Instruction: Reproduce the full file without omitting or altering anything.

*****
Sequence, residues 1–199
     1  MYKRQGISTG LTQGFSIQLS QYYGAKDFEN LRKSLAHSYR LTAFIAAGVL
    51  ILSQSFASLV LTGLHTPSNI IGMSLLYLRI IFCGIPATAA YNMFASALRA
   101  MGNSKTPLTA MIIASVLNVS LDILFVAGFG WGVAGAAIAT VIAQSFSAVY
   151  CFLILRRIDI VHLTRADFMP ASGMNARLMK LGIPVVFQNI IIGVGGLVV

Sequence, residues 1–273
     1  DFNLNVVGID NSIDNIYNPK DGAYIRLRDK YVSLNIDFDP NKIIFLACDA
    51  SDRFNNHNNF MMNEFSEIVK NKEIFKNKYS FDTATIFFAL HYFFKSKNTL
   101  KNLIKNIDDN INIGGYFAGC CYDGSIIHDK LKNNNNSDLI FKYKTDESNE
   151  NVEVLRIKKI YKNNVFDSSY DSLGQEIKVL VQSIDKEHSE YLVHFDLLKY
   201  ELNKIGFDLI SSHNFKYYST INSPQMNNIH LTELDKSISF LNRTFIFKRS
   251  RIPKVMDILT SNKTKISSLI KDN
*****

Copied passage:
Sequence, residues 1–199
     1  MYKRQGISTG LTQGFSIQLS QYYGAKDFEN LRKSLAHSYR LTAFIAAGVL
    51  ILSQSFASLV LTGLHTPSNI IGMSLLYLRI IFCGIPATAA YNMFASALRA
   101  MGNSKTPLTA MIIASVLNVS LDILFVAGFG WGVAGAAIAT VIAQSFSAVY
   151  CFLILRRIDI VHLTRADFMP ASGMNARLMK LGIPVVFQNI IIGVGGLVV

Sequence, residues 1–273
     1  DFNLNVVGID NSIDNIYNPK DGAYIRLRDK YVSLNIDFDP NKIIFLACDA
    51  SDRFNNHNNF MMNEFSEIVK NKEIFKNKYS FDTATIFFAL HYFFKSKNTL
   101  KNLIKNIDDN INIGGYFAGC CYDGSIIHDK LKNNNNSDLI FKYKTDESNE
   151  NVEVLRIKKI YKNNVFDSSY DSLGQEIKVL VQSIDKEHSE YLVHFDLLKY
   201  ELNKIGFDLI SSHNFKYYST INSPQMNNIH LTELDKSISF LNRTFIFKRS
   251  RIPKVMDILT SNKTKISSLI KDN